The backlash has begun for Nick Kyrgios following his offensive comments to Stan Wawrinka. On a day which drove home the impact of his remarks at the Montreal Masters, the 20-year-old Australian was jeered by spectators, found the world No 1 joining his critics and learnt that he could yet be suspended from future tournaments.
The Association of Tennis Professionals, which runs the men’s tour, fined Kyrgios the on-site maximum of $10,000 (about £6,400). Kyrgios had told Wawrinka, in remarks picked up by an on-court microphone, that Thanasi Kokkinakis, Kyrgios’ fellow Australian, had slept with a player who is reported to be the world No 5’s girlfriend. Kyrgios was fined an additional $2,500 for a comment made to a ball person.
The world No 41 was also served with a “notice of investigation”, which is the start of an inquiry which will decide if his actions constitute a “player major offence” under provisions covering “aggravated behaviour” or “conduct contrary to the integrity of the game”. Further penalties could include additional fines and/or suspension.
Meanwhile, the public’s opinion of Kyrgios was made clear when he was jeered by spectators before, during and after his 7-5, 6-3 defeat by John Isner. When Isner served for the match Kyrgios became involved in a heated exchange with one spectator.
Novak Djokovic said at a post-match press conference that Kyrgios’ comments to Wawrinka had been “completely unnecessary”. The world No 1 added: “He was fined and he deserved it. He’s learnt a lesson in a hard way.”
Tennis Australia issued a statement saying that Kyrgios and his team needed “support”. Wally Masur, Australia’s Davis Cup captain, said Kyrgios’ comments had not been “confrontational” and stressed that the 20-year-old was still in his plans for next month’s semi-final against Britain in Glasgow.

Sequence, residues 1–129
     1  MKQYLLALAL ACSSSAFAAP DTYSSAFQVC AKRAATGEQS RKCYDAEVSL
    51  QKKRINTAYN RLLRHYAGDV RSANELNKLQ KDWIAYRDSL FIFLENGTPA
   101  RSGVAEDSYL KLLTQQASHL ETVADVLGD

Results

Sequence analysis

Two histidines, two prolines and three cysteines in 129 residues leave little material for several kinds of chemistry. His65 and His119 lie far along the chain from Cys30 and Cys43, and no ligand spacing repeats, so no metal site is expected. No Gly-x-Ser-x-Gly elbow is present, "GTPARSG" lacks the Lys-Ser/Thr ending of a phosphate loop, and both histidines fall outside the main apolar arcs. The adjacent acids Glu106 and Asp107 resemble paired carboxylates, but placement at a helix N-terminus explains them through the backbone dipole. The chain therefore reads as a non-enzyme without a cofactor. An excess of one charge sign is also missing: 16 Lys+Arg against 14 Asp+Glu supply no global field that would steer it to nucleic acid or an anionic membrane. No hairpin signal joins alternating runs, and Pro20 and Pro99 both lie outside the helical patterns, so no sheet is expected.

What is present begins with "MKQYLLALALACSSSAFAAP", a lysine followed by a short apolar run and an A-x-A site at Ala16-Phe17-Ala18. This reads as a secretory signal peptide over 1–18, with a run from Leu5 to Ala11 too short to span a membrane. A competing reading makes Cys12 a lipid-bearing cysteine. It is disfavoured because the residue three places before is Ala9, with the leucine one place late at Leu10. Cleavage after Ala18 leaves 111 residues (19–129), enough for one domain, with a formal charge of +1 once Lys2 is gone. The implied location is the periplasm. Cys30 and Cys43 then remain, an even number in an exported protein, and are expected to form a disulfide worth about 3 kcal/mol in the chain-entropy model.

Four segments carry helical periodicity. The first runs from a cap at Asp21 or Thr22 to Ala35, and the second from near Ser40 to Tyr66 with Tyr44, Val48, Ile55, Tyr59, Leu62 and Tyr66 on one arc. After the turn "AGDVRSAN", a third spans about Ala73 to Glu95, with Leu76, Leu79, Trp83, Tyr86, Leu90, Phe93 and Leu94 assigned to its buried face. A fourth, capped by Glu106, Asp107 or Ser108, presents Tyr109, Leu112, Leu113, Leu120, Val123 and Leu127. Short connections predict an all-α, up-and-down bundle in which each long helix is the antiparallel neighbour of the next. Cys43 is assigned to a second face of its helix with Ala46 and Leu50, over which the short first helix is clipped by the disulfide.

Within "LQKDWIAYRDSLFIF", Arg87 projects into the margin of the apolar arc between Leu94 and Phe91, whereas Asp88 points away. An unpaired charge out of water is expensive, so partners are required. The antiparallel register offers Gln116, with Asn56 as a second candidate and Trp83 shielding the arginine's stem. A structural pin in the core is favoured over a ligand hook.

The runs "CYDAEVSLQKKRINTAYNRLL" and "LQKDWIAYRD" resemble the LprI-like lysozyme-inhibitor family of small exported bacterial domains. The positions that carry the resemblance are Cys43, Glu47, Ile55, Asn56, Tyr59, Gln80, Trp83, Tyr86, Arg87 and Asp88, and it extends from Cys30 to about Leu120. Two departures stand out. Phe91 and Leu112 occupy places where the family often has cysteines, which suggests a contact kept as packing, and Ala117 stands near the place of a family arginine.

“How punitive can you be? At what point do you start to move forward?” Masur told the broadcaster Fox Sports. “Nick is paying a very heavy price, financially. Obviously, the consequences will go beyond this week, for example among his peers on the tour, the ATP player council – they’ll have their say.”
Djokovic, who beat Jack Sock in the third round, was facing Ernests Gulbis last night in a high-quality quarter-final line-up. Isner was playing Jérémy Chardy, Rafael Nadal was facing Kei Nishikori and Andy Murray was due to meet Jo-Wilfried Tsonga.
Murray went out of the doubles late on Thursday. The world No 3 and his partner, Leander Paes, were beaten 6-4, 7-6 by the Scot’s brother, Jamie, and the Australian John Peers, who were facing Djokovic and Janko Tipsarevic in last night’s quarter-finals.Reuse content